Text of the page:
Posted by Jonathan Maus ( Publisher/Editor ) on January 6th, 2009 at 12:07 pm
Last night at City Hall was the big, public welcome party for Portland’s new mayor Sam Adams. There was lots of food and free beer and by all accounts it was a wild and zany night.
Before things really started getting crazy, Adams and each of the four commissioners addressed the crowd briefly. Adams said he feels Portland’s authenticity and quirkiness (that was on display all night) will help us stave off economic hard times and that he has “faith in Portland’s willingness to take on challenges”.
With a broad grin, Randy Leonard told the crowd he’s been holding himself back for the last few years (a joke, given his outspoken demeanor) and that, “Now Sam’s going to let me go.”
After the short press conference (if you can call it that), the party was turned over to an interesting mix of entertainers.
At one point, the “First lady of Portland” (according to Mayor Adams) singer Storm Large took the stage with a former Sesame Street cast member (his name escapes me) and the two sang a duet of the Carpenters’ “Sing, Sing a Song”. They even encouraged the audience to join in.
And that was the tame part of the night. The festivities also included the sounds and Portland-style pomp of the March Fourth Marching Band, the emcee talents of the Wanderlust Circus and acrobatic artistry of Kazuum. Filling out the night’s entertainment was local band Trashcan Joe, several juggler/magician types, and others.
Abbie Hoffman and said the freaks have
officially taken over City Hall.
The crowd was immense. People filled the three floors of City Hall. All four commissioners were there, along with their retinue of supporters, staff, and well-wishers. In just the time I was watching him, Mayor Adams probably hugged about 50 people.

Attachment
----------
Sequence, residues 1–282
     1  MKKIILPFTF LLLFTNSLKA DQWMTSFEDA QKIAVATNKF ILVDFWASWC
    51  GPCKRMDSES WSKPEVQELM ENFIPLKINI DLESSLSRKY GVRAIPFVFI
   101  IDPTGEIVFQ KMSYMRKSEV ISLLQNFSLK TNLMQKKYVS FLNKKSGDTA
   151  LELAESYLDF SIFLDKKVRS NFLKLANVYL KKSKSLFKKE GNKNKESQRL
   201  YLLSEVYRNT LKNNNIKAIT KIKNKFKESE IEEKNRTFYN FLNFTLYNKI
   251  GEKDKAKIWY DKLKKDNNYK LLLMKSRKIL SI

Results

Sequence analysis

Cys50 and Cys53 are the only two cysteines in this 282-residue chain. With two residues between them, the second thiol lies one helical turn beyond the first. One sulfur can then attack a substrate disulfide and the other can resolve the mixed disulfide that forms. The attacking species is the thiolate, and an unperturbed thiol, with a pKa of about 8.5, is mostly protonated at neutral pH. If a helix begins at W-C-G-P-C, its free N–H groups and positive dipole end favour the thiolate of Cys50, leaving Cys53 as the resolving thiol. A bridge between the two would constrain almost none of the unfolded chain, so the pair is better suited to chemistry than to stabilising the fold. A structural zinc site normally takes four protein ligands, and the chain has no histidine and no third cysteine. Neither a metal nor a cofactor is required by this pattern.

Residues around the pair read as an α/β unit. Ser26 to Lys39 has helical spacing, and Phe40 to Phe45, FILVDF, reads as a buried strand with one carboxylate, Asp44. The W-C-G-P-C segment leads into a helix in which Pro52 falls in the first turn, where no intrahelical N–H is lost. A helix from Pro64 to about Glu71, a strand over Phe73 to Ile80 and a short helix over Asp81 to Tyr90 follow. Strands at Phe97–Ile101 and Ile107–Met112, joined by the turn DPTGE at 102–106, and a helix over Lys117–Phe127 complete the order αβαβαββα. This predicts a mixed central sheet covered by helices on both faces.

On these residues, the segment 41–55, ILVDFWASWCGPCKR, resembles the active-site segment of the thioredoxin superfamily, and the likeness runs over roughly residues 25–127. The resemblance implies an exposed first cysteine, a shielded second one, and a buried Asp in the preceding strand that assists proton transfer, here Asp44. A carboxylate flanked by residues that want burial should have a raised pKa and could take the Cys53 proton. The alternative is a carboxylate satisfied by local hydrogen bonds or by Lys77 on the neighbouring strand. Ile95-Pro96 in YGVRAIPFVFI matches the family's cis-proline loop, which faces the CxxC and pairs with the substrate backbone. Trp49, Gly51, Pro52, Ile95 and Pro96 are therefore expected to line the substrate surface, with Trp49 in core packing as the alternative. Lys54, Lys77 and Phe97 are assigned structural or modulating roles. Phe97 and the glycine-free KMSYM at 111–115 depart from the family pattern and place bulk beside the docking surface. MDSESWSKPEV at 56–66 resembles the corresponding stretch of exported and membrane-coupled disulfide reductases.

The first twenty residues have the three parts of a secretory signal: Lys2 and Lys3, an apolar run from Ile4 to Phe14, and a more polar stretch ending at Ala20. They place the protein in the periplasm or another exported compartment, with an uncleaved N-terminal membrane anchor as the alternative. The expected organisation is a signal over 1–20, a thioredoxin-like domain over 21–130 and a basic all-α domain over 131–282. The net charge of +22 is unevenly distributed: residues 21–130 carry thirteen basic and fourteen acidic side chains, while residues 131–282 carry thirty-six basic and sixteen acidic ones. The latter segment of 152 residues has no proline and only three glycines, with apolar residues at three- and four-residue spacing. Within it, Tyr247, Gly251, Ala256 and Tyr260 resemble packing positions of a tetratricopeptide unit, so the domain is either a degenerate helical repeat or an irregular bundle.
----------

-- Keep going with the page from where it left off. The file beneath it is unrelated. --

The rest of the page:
It was a night for carefree optimism and a time for the citizens of Portland and their leaders to enjoy each other’s company before the real work begins.
I pulled aside Adams’ chief of staff Tom Miller and chatted about what’s on the horizon. Miller said their office is in full work mode beginning today. I asked him about the unexpected hire of former Portland Mercury News Editor Amy Ruiz. Miller was happy to have her on staff, saying, “She knows how to ask hard questions, she very smart, and she works hard.”
Miller also re-iterated a promise from his boss that I reported previously — that in his first 100 days in office, Adams will announce plans to build a “high-profile cycletrack facility” (cycletrack is a European term for a physically separated bikeway). Miller said bike coordinator Roger Geller and head traffic engineer Rob Burchfield are working on identifying where it will go. One possible location is SW Broadway.
Miller said the Mayor’s Office will release the full list of accomplishments they’ll hope to nail down in the first 100 days on Thursday. He was pretty secretive about list details, but told me there are other transportation-related things on that list including something about bicycle boulevards.
To try and get some perspective on the night’s happy vibe, I talked with Timo Forsberg. Timo is a Portland bike culture pioneer who was around the table when the bike-fun activism group Shift was formed and has been a major instigator of Breakfast on the Bridges for years (it was probably his idea). These days, Forsberg is the best kind of bureaucrat, he works in the Transportation Options division of PBOT, promoting bike use and spreading the gospel from the inside.
Forsberg moved to Portland in 1995 and he recalled the enthusiasm when former mayor Potter took office. “We were pretty excited about Tom too at the time. He was seen as a real change from the status quo.” Forsberg remembered how Potter rode his recumbent in Critical Mass at the outset of his tenure (which was unfortunately his last overtly bike-friendly gesture — more of my analysis of Potter’s bike friendliness here).
As to whether he thinks Adams will have more success in office than Potter, Forsberg said, “I think Sam has a pretty clear agenda, a focused agenda. Tom’s was more amorphous. After all, Tom wasn’t really a politician but it’s clear that Sam knows how to get things done.”
Hopefully Adams will indeed get things done. He’ll have to, if he wants to keep the party going.